Tuesday, December 08, 2009

Monetary Time Lag & Money Demand

I recently discussed the issue of a monetary time lag and why it exists. Anyone observing data on money supply and prices can see that the immediate empirical link between money supply changes and price changes at a certain point in time is weak to non-existent. That leaves us with two options: either the causal link doesn't exist or it exists with a time lag. As I and my good friend Daniel Halvarsson documented here and here, an empirical link seems to exist, but with a significant time lag of 1 to 2 years.

But why doesn't money supply immediately affect prices? Why does it take as long as 1 to 2 years?

Well, one reason is that many prices are relatively sticky in the short-term. Most retailers are for good reasons reluctant to change their prices up and down on a daily or even weekly or monthly basis because they know customers will resent price increases and because contracts with suppliers usually lasts for several months. Furthermore frequent price changes will create menu costs for businesses.

Another, more overlooked but arguably even more important factor is the role of fluctuations in money demand.

During cyclical downturns, investors often get more risk averse. And the latest downturn is a very good example of this, as the fear of a financial collapse led investors to avoid anything deemed risk and instead demand less risky assets. The demand for money in its various forms, not just physical notes and coins but also demand and svaings deposits and money market mutual fund (though the temporary loss in value for one money market mutual fund caused demand for it to go down temporarily until the Fed had restored confidence in it) holdings therefore increased dramatically.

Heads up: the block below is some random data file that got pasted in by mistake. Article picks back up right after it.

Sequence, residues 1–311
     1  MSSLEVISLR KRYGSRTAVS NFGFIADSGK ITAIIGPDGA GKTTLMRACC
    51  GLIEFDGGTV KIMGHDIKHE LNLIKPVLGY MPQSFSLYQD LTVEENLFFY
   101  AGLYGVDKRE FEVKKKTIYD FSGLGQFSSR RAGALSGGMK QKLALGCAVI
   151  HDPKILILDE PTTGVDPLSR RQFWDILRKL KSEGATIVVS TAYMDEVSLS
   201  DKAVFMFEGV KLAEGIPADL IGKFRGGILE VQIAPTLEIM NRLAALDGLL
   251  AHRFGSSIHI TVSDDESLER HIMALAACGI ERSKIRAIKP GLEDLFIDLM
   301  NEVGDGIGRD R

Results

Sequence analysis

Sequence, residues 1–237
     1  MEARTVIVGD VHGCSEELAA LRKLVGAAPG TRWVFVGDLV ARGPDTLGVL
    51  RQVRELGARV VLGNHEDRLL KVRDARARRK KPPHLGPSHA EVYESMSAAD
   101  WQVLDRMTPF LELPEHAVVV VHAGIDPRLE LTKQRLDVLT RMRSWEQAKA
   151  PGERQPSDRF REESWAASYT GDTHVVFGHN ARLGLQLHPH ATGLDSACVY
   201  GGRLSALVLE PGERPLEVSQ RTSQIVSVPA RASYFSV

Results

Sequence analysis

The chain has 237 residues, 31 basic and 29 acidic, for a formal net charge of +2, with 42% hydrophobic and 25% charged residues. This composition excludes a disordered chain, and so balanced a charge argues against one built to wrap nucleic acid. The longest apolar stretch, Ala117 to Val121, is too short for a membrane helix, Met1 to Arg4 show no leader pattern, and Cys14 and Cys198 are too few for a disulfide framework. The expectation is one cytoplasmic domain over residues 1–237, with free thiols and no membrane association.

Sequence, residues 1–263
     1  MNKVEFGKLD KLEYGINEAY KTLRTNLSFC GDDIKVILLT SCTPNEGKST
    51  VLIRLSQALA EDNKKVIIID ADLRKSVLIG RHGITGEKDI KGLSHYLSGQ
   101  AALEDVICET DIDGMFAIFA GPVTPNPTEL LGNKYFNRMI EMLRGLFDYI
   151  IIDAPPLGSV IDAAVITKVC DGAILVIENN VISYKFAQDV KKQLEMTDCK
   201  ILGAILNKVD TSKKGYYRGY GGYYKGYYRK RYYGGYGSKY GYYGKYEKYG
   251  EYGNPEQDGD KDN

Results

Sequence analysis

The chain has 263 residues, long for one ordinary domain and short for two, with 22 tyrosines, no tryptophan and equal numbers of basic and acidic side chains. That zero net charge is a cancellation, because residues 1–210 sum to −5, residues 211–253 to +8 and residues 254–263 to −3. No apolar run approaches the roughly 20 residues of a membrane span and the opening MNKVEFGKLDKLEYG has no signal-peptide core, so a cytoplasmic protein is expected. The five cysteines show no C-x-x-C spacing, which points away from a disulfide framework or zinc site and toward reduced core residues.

So, during cyclical downturns the demand for money suddenly increases, something which both causes the price of money to increase (causing the price level of goods in terms of money to drop since money is now more expensive) while it also causes an increase in the supply of money by banks and other money producing financial institutions.

Because this increase in supply was largely (though usually not entirely since at this point in a business cycle, monetary authorities will try to produce "monetary stimulus") caused by this increase in money demand, it will usually not be associated with immediate price increases.

However, once people believe that the crisis has abated, people will reduce their demand for money and instead demand more risky assets. That reduction in money demand will at the same time reduce money supply growth and raise money prices of various goods. That is why money supply growth has been particularly strong in the end of downturns and beginnings of booms (like in 1983 and 2001) and then been more moderate even as the boom has continued. And that is also why booms usually have preceded even some time after money supply growth halted. 2008 differed somewhat from that pattern as a downturn followed and was combined with significant price deflation just a few months after money supply growth ended. But that was a result of the dramatic increase in money demand caused by the increased and very justified worries about the soundness of institutions like AIG, Fannie Mae, Freddie Mac and Lehman Brothers and securities associated with them.